From Food Stamps to Home Production

Project Overview

Project Type: Research and Education
Funds awarded in 2003: $135,000.00
Projected End Date: 12/31/2004
Region: North Central
State: South Dakota
Project Coordinator:
Ann Krush
Center for Permaculture as a Native Science


  • Animals: bees


  • Education and Training: study circle
  • Energy: energy conservation/efficiency, energy use
  • Farm Business Management: marketing management
  • Sustainable Communities: local and regional food systems, community development

    Proposal abstract:

    The project “From Food Stamps to Home Production and Farmers’ Market” is implemented by the Center for Permaculture as Native Science on the Rosebud Lakota reservation in south central South Dakota. Started in 1995 as “Garden for Health, “ with the purpose of encouraging residents to garden and thus exercise in the sunshine, eat what they grow, and take a step toward the prevention of diabetes, which is prevalent on the reservation. Slow but real progress is being made, participants stronger in body and spirit, activities of shelterbelt planting, honeybee keeping and small renewable energy added. Outcomes of the new project of this ongoing program are participants changing their attitudes to be aware of their own abilities, to renew their traditional knowledge, to gain self-confidence. They are raising their own food, improving their household diets, and beginning to work together in the economic endeavor of local produce marketing. In the context of rural poverty and alcoholism, isolated on the prairie, the project’s method is that self-selected participants attend non-formal lessons, and then put these lessons into practice at their own houses, with needed equipment from the project and guidance and follow-up from the project’s stipended program assistants (PAs). The project’s evaluation data are gathered at the end of the season by the Pas, and analyzed during the winter. Adaptations are made at the start-up meeting in the spring. Data gathered include numbers of new gardeners, numbers of gardeners who continue and observation of changed attitudes and behavior in the neighborhoods.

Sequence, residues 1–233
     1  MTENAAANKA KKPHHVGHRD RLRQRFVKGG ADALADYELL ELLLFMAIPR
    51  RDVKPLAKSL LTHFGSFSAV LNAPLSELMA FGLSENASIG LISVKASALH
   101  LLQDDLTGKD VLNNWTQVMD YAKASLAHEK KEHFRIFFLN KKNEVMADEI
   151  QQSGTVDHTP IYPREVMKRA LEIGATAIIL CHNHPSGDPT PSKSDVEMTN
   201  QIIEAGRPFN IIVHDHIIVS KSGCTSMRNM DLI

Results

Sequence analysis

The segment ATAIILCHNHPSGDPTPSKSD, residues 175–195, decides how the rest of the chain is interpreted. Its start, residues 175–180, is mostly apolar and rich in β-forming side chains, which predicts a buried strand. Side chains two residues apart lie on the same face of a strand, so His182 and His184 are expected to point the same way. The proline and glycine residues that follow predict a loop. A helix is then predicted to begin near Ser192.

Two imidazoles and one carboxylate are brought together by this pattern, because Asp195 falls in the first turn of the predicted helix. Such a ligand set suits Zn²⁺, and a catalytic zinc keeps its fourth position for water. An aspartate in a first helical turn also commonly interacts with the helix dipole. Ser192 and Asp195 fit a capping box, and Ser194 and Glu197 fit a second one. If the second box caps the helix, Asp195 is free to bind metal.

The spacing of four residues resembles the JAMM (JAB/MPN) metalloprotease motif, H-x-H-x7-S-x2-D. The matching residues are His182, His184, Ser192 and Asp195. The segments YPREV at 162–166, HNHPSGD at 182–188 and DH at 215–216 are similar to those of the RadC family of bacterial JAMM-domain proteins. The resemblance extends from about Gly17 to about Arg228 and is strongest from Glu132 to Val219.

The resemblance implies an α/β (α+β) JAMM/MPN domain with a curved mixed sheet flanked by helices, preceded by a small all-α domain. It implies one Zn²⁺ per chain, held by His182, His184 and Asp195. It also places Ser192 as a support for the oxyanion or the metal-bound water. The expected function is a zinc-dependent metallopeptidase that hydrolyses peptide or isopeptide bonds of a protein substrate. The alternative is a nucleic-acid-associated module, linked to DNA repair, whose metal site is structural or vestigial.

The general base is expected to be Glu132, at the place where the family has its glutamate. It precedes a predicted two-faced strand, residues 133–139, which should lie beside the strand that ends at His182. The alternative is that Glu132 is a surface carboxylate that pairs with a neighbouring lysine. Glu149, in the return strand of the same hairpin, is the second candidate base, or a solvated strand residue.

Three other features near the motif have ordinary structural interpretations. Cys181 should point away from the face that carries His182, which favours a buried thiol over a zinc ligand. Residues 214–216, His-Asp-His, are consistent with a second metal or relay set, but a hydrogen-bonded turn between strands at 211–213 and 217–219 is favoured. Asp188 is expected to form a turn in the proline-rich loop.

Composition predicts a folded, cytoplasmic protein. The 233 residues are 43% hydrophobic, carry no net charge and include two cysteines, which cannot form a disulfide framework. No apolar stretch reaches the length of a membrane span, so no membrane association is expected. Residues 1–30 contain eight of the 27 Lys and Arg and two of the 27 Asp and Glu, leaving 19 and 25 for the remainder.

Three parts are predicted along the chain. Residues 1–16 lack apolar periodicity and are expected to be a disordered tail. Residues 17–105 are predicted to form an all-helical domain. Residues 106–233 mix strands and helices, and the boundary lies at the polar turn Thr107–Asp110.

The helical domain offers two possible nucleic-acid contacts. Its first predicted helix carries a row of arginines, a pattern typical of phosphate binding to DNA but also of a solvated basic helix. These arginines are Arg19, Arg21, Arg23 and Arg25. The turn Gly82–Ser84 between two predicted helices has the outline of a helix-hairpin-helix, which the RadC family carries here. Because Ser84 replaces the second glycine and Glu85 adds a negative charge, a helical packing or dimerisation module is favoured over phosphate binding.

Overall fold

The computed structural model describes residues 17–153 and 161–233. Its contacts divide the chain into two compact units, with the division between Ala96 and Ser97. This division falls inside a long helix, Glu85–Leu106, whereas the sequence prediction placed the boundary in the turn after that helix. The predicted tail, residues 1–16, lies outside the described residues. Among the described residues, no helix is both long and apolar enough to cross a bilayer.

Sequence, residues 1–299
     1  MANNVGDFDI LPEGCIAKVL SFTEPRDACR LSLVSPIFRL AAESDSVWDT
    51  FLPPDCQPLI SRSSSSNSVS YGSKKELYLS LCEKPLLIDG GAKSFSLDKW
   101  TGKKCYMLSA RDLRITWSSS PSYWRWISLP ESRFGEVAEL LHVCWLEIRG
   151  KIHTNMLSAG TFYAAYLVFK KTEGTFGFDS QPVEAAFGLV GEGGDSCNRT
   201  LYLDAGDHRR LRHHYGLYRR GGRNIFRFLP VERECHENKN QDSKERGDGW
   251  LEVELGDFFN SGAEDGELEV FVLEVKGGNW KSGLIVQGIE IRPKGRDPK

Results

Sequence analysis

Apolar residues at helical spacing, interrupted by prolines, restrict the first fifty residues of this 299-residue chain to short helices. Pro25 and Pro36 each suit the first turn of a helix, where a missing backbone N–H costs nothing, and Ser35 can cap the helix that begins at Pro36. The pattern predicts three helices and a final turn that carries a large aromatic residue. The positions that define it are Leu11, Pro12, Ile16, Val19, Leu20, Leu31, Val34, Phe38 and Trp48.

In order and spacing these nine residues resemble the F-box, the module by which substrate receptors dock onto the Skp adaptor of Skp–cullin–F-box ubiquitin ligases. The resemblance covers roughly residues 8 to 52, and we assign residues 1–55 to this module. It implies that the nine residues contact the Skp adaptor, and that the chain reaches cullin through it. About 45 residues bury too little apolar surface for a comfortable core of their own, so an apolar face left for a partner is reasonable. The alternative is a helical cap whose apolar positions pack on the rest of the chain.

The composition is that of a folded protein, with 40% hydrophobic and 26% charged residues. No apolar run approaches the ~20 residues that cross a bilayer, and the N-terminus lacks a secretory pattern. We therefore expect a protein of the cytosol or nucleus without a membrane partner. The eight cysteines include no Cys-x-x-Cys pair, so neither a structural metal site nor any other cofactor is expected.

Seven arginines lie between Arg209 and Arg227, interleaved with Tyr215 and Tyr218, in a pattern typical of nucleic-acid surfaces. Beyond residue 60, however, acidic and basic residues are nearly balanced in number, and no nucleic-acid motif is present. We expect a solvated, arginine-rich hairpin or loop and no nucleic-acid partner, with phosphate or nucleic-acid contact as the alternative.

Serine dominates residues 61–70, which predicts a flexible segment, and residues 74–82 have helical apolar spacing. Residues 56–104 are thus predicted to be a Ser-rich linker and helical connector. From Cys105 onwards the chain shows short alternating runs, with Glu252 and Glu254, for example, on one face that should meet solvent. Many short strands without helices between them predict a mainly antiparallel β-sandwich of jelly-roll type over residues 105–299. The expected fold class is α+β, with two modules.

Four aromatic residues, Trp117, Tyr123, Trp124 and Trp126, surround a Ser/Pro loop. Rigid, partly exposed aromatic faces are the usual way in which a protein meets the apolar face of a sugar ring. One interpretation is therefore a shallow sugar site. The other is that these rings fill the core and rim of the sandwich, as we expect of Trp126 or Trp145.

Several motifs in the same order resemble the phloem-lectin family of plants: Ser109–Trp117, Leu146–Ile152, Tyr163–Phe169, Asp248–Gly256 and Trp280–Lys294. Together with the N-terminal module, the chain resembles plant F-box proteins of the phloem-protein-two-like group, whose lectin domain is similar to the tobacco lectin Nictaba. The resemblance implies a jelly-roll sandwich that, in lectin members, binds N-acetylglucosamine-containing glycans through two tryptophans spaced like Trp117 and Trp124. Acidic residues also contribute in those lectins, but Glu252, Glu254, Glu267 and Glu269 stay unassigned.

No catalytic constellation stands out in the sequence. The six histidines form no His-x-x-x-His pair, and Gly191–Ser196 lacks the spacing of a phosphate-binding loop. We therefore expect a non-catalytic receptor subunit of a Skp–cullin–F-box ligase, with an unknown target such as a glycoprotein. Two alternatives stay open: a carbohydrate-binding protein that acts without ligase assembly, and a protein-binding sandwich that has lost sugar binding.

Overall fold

Any opinions, findings, conclusions, or recommendations expressed in this publication are those of the author(s) and do not necessarily reflect the view of the U.S. Department of Agriculture or SARE.